UnNews:Recruiters frustrated they can't hire Cheney, Rumsfeld
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2 November 2006
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WASHINGTON, DC -- Corporate recruiters nationwide remain sorely frustrated about being unable to hire Vice President Dick Cheney and Secretary of Defense Donald Rumsfeld. The two executive officials have just been put on tenure by President Bush, who guaranteed them two more years of employment with spectacular benefits.
Although the monetary compensation the two men receive is relatively small compared to jobs in the corporate world, the fringe benefits are what make the positions really valuable. The Vice Presidential post for instance is exempt from gun and murder related laws, allowing Mr. Cheney to freely go out with his rifle and hunt the most dangerous game of all: man.
John M. Keenan of OSI Recruiting woefully described his attempts to lure Donald Rumsfeld, "We have literally hundreds of companies vying for him, offering millions of dollars, but the Secretary staunchly refuses to leave his current post." The brilliant tactician is sought for his immense organizing and planning skills, which are so widely praised by the White House. So far, however, no company has been able to offer Mr. Rumsfeld's favorite perk: the power to send wave after wave of troops into oil-possessing Middle Eastern countries.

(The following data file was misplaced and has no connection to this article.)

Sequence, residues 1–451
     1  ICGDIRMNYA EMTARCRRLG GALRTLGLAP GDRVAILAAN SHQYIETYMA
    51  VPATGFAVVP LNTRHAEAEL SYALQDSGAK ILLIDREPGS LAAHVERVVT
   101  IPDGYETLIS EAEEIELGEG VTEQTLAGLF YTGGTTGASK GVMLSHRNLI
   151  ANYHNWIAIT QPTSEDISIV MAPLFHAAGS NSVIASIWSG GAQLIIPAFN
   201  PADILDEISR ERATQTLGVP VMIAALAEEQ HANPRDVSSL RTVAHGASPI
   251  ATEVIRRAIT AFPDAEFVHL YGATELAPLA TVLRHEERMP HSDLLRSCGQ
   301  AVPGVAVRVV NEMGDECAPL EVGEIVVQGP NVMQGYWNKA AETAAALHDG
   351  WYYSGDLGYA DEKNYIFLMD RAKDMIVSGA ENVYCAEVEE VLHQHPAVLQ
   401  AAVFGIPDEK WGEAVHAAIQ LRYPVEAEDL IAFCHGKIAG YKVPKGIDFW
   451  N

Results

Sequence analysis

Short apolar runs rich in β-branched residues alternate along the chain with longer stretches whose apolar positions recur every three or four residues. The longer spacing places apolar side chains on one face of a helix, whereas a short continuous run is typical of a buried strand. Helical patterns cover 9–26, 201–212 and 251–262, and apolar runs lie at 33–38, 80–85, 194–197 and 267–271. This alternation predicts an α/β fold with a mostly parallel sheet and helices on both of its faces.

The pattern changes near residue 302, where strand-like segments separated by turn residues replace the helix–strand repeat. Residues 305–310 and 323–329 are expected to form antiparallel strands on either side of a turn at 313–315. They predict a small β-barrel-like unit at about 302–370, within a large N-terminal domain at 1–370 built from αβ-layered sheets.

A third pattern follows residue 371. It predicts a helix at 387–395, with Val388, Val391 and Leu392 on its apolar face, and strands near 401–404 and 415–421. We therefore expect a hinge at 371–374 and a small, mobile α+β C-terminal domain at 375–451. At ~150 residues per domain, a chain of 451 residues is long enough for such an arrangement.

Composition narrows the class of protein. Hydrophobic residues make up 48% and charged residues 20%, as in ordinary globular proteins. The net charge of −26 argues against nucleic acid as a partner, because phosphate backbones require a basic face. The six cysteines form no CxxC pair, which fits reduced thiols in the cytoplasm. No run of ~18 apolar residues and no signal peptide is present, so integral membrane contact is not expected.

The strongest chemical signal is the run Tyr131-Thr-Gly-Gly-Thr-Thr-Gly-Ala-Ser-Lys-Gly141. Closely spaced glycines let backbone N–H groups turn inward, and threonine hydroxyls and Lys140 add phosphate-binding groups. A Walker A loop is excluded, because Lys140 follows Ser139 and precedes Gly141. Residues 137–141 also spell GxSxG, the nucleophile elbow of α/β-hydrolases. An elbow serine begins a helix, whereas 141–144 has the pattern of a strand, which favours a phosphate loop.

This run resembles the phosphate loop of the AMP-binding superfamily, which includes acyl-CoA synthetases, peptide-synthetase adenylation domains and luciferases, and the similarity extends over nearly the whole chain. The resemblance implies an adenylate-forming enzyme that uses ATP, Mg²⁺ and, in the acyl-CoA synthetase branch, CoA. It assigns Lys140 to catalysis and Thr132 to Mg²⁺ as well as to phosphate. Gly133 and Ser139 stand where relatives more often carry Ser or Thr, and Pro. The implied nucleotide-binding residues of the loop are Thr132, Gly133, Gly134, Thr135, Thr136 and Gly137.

Dealing with Mr. Cheney proved equally frustrating for Mr. Keenan, who bitterly recalled one recruiting phone call to the Vice President, "Halliburton had a very unique offer for him, promising to reinstate him as CEO, with double the pay. But Cheney simply said he was 'busy water dunking a terrorist' and hung up on me!" The recruiter added that follow-up e-mails, both to his work and personal Yahoo addresses, proved equally fruitless.
All of corporate America is disappointed in the Bush administration's recent trend of holding onto its top talent and leaving slim pickings for others. The previous year was much better for recruiters, as the White House released CIA director George Tenet - known for masterminding the perfect pre-war Iraq intelligence gathering effort. That year also saw FEMA director Michael Brown - widely regarded as the brightest genius of our times - go on the job market. "Letting Brownie go was definitely this President's biggest mistake," commented political expert Rush Limbaugh, adding, "He should have been promoted to Secretary of State after his masterful handling of the Katrina crisis."
Bush, however, is adamant about avoiding the same mistake and thus vowed to keep Cheney and Rumsfeld on board no matter what the cost. "The lesson of 9/11 is that we must make sacrifices and do whatever it takes to keep Republicans in power," explained the Commander in Chief in a passionate campaign speech.